On more than one occasion, usually after a few brewskies, my friends and I would sit around criticizing certain games. Sometimes we complain about the nerfs and other changes to MOBAs, other times that a character in a fighting game is overpowered – the usual.
As a result of such discussions, we would often take it upon ourselves to come up with a game of our own. Being as (in)consistent as we are, the plans would inevitably fall through. However, for those of you with a penchant for creating new things, here is a step-by-step process of making a game.
We begin with planning. This is the first stage of the creation process. You need to be able to explain in brief what your game is all about. Is it an action game, a puzzle game, a visual novel? Does it have a story, and, if so, does the story have a happy ending?
After you have your original concept, dive into details. Design the mechanics. If your game is an RPG, for example, you have to have inventory (or maybe you don’t – just look at Magicka). If it’s a fighting game, where will the hit boxes be located? How much damage percentage-wise will each strike do?
Then, there’s the prototype. Not a real one, obviously. However, there should be a few elements to start with. Make a character move. Show a move-set. Create a working puzzle.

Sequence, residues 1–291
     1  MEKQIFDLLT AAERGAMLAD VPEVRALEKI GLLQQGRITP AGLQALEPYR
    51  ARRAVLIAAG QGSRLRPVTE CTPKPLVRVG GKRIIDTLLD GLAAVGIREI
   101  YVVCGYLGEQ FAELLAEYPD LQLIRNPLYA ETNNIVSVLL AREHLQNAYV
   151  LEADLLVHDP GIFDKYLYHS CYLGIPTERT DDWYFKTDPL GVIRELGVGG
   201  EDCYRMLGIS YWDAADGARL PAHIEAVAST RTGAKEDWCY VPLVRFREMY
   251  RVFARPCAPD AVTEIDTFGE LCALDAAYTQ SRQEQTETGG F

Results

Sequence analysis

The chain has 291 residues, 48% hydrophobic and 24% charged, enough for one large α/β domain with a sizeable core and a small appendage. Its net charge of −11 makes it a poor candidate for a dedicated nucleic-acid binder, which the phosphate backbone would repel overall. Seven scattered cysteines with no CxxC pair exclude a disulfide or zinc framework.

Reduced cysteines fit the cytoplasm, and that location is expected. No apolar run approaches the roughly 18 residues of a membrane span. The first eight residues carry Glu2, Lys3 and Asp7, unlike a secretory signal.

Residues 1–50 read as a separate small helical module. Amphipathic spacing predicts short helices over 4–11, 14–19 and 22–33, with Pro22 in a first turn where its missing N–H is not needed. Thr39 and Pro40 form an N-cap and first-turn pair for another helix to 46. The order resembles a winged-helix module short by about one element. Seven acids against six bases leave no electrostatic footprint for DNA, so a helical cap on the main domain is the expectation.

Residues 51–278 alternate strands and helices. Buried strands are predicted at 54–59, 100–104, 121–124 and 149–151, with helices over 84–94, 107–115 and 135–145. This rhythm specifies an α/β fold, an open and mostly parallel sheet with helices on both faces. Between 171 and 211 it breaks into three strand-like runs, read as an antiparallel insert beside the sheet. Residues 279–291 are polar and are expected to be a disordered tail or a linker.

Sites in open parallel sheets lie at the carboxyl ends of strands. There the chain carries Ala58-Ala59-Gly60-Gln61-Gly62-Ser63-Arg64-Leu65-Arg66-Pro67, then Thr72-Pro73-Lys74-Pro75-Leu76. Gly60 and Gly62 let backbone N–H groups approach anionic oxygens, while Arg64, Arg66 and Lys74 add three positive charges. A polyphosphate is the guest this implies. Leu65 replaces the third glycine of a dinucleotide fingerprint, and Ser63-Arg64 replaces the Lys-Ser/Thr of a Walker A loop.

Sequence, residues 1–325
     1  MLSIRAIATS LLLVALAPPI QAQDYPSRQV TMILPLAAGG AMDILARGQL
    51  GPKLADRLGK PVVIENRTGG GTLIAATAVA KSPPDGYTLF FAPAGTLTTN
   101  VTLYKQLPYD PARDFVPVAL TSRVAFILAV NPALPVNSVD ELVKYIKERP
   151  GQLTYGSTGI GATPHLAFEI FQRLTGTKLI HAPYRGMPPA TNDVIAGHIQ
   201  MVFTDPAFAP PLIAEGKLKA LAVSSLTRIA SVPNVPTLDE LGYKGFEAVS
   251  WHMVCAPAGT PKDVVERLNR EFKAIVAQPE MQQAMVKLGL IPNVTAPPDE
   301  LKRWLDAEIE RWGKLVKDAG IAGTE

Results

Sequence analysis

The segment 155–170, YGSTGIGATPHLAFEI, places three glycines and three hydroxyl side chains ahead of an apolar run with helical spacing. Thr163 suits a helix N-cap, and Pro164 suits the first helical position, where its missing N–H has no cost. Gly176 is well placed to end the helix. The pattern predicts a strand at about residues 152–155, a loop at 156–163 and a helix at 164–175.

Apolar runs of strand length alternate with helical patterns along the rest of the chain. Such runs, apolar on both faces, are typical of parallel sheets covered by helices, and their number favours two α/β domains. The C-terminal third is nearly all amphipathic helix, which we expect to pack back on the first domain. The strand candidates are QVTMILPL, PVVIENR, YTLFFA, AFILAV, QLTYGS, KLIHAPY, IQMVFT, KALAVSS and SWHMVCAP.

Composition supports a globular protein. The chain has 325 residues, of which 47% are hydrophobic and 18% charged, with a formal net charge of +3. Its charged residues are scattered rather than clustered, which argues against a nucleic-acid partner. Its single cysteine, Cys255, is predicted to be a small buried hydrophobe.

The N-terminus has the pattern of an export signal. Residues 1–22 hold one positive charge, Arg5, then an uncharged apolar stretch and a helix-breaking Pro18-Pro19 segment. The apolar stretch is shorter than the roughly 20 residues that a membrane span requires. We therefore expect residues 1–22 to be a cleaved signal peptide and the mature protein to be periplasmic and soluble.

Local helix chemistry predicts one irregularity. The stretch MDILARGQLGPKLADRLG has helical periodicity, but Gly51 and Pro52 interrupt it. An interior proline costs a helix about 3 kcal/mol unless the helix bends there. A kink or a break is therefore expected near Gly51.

For the creation of the game, you will need designers, people who will create the characters, as well as the background per the original idea. You will also need artists (What will the characters and the setting look like?), as well as programmers. You know, those guys we usually complain about.
The game needs to be tested constantly, and all of its issues either addressed, or circumvented. Some big companies might get away with shipping an incomplete game, but until you are a name brand, your quality will have to be impeccable.
Set milestones for yourself and your team. It is also a good idea to come up with some calculations regarding finances. If you hired someone, make your expectations clear and be ready to pay for them. If you are doing it yourself, calculate the effect it has on your day job.
Not yet, though. There is the Alpha stage, where you test the game again with just the working skeleton of the game. After that, there’s Beta, a functioning, though still somewhat crude version of the game. Finally, after all the bugs have been taken care of, you have your game.
That is the gist of it, though the process is a lot more complicated than explained here. There are breached deadlines, scrapping the project and starting anew, financial trouble, as well as marketing and audio to think of.
There are shortcuts, though. If you buy the licenses, you could ship your game using premade characters, stages and music. Credit people where due, but the game will be yours.